Tuesday, December 23, 2008

Gun Laws and Drug Testing

Who would ever knowingly take a drug that had no proof of its being effective against the disease for which it is being prescribed? What doctor would prescribe a drug without knowing whether it was safe or not, particularly when the available evidence showed that it may be fatal? These are the kinds of information, or lack of information, about the impact of weapons in our society that need to be asked and answered if intelligent gun laws, consistent with the requirements of the second amendment, can be passed. A study conducted by a group of mayors (Mayors Against Illegal Guns) has produced some profound results about the impact of weak gun laws of various states on the health and safety of the public. This discovery is akin to the discovery that insulin is effective in diabetes, or that penicillin works against pneumorcoccal infections. As reported in the New York Times on December 23, 2008; "The study analyzed trace data for guns used in connection with crimes during 2007. The data reveal a strong correlation between weak state gun laws and higher rates of in-state murders, police slayings and sales of guns used in crimes in other states.
"Many states have enacted strong gun laws to supplement inadequate federal ones, including mandatory background checks on gun show sales. States requiring the same background checks at gun shows as those required for store purchases show an export rate for guns used in crimes that’s nearly half the national average. This argues for Congressional action to end the gun-show loophole nationally. States with weak gun laws produce different outcomes. More than half the guns recovered in out-of-state crimes last year were supplied by Georgia, Florida, Texas, Virginia and six other states where weak laws make it easy for gun traffickers and other criminals to obtain weapons.

"Weak gun laws also put a state’s own citizens at risk. There were nearly 60 percent more gun murders in the 10 states where exports were highest than in the states with low export rates — and nearly three times as many fatal shootings of law enforcement officers."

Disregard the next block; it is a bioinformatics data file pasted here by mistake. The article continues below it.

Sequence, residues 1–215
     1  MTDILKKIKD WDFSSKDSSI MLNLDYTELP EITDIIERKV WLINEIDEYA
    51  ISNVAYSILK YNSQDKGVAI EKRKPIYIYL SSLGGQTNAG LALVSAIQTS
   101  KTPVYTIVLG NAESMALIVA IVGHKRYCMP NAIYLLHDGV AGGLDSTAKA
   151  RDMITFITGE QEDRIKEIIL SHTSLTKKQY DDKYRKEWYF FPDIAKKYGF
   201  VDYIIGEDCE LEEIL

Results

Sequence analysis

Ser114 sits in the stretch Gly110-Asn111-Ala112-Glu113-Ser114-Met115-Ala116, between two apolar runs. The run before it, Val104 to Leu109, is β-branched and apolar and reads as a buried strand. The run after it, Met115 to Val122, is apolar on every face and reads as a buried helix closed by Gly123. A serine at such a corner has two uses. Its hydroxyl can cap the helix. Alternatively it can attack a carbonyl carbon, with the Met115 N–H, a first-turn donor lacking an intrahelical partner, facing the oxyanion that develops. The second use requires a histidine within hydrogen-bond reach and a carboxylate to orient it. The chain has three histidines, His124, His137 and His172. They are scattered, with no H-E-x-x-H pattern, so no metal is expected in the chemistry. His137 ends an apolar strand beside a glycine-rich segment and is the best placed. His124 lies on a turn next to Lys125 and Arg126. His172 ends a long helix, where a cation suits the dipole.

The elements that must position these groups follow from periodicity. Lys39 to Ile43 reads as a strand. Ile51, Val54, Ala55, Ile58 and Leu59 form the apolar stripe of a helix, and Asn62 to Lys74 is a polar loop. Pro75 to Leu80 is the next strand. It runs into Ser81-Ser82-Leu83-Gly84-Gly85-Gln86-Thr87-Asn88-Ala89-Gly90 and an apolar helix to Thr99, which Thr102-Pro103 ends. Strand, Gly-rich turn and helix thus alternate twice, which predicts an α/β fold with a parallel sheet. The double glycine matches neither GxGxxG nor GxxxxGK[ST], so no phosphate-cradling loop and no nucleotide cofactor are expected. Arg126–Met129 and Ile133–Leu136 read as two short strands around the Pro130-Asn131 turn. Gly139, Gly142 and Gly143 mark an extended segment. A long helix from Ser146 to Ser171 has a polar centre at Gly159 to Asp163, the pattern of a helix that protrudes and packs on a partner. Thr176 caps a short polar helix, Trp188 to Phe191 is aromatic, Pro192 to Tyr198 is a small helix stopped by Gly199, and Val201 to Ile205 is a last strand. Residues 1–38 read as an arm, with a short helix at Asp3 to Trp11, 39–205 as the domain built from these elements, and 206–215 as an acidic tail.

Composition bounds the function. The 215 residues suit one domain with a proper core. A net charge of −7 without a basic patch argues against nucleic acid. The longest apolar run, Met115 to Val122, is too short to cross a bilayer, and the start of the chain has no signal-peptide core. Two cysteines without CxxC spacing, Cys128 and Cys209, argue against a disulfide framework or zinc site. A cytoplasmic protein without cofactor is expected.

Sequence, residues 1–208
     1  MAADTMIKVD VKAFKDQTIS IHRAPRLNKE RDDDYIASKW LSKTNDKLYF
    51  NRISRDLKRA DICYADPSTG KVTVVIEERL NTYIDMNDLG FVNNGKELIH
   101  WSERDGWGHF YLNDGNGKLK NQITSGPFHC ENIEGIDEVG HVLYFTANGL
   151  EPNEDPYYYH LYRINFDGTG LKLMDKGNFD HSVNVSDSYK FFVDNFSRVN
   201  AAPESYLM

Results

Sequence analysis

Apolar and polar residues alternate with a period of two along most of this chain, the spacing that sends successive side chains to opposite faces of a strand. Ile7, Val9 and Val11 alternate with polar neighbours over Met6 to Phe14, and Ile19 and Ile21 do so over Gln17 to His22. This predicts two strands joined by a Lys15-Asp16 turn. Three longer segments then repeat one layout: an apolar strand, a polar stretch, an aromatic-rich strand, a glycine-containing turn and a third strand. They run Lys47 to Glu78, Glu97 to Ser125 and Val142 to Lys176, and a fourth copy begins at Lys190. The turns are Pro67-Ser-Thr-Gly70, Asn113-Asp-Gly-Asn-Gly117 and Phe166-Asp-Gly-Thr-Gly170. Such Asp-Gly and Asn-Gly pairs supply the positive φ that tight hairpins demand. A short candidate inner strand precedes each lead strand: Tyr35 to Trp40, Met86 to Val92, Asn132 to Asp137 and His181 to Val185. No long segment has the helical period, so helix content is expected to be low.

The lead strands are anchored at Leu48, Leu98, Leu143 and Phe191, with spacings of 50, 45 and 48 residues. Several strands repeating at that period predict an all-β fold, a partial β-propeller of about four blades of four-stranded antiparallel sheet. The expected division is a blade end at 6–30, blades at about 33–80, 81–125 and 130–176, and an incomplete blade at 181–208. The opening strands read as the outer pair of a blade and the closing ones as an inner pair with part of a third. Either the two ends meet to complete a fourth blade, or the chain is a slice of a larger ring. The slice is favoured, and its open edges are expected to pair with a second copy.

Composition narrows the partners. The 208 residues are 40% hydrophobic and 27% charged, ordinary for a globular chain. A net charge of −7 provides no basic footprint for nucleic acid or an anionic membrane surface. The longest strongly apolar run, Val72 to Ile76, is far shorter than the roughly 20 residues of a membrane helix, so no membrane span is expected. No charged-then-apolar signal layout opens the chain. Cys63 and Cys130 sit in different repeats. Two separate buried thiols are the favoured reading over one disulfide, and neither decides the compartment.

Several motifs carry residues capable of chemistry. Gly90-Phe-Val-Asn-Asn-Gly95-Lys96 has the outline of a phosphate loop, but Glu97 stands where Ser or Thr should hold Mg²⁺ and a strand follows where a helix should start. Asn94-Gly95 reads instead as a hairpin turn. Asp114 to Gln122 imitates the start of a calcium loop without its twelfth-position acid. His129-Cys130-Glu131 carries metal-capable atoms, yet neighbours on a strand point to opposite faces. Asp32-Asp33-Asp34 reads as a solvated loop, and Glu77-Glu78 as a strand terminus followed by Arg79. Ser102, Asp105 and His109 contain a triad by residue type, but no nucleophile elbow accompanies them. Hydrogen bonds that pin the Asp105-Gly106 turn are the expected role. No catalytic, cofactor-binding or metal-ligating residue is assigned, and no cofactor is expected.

The current U.S. Supreme Court has decreed that the second amendment grants the rights to keep and bear arms to all citizens of our society in overturning a law passed by the District of Columbia seeking to ban all handguns. The court in other cases has suggested that reasonable limitations can be placed on this so-called right in the interests of safety. The NRA has steadfastly resisted the imposition of any limits being imposed by legislative fiat (e.g. the opposition to assault weapons). A lawyer arguing for the NRA recently before a Pennsylvania court stated ""Most of my clients have machine guns," [he[ said. "They are absolutely lawful. Police already have the authority to seize weapons if they are being used unlawfully."

In my opinion, this contention is the moral and legal equivalent of claiming that a person has the right to possess cyanide (Drugs do not kill people. People do.) Or allowing druggists to sell drugs that do not work and are likely to harm. "Give your child this KoolAid laced with cleaning fluid for his cough. It'll stop it, guaranteed." When the focus is on guns, the situation meets the definition of insanity. Insanity is expecting different results from the same behavior. Thirty thousand people a year die from guns in the United States. Allowing individuals to possess these weapons of death without reasonable restrictions being imposed is insane. The impact on our society is too important to ignore. We need federal legislation modeled after the tougher laws in various states to create the uniformity that will lower this number. We have the evidence that the drug works. Let's write the prescription so that it can be used.

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